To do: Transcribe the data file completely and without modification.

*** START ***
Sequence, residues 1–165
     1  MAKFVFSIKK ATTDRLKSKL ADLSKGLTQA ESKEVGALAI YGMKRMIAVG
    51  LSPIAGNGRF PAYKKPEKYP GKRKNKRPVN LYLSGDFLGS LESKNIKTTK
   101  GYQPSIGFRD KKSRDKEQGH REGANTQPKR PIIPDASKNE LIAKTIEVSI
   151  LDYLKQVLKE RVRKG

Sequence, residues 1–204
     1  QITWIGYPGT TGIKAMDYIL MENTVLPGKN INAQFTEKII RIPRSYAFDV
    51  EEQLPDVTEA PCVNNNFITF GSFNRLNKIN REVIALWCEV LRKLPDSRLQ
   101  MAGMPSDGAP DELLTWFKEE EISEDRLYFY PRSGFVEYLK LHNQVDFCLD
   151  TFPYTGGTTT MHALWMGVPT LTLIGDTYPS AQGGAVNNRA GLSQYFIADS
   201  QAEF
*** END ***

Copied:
Sequence, residues 1–165
     1  MAKFVFSIKK ATTDRLKSKL ADLSKGLTQA ESKEVGALAI YGMKRMIAVG
    51  LSPIAGNGRF PAYKKPEKYP GKRKNKRPVN LYLSGDFLGS LESKNIKTTK
   101  GYQPSIGFRD KKSRDKEQGH REGANTQPKR PIIPDASKNE LIAKTIEVSI
   151  LDYLKQVLKE RVRKG

Sequence, residues 1–204
     1  QITWIGYPGT TGIKAMDYIL MENTVLPGKN INAQFTEKII RIPRSYAFDV
    51  EEQLPDVTEA PCVNNNFITF GSFNRLNKIN REVIALWCEV LRKLPDSRLQ
   101  MAGMPSDGAP DELLTWFKEE EISEDRLYFY PRSGFVEYLK LHNQVDFCLD
   151  TFPYTGGTTT MHALWMGVPT LTLIGDTYPS AQGGAVNNRA GLSQYFIADS
   201  QAEF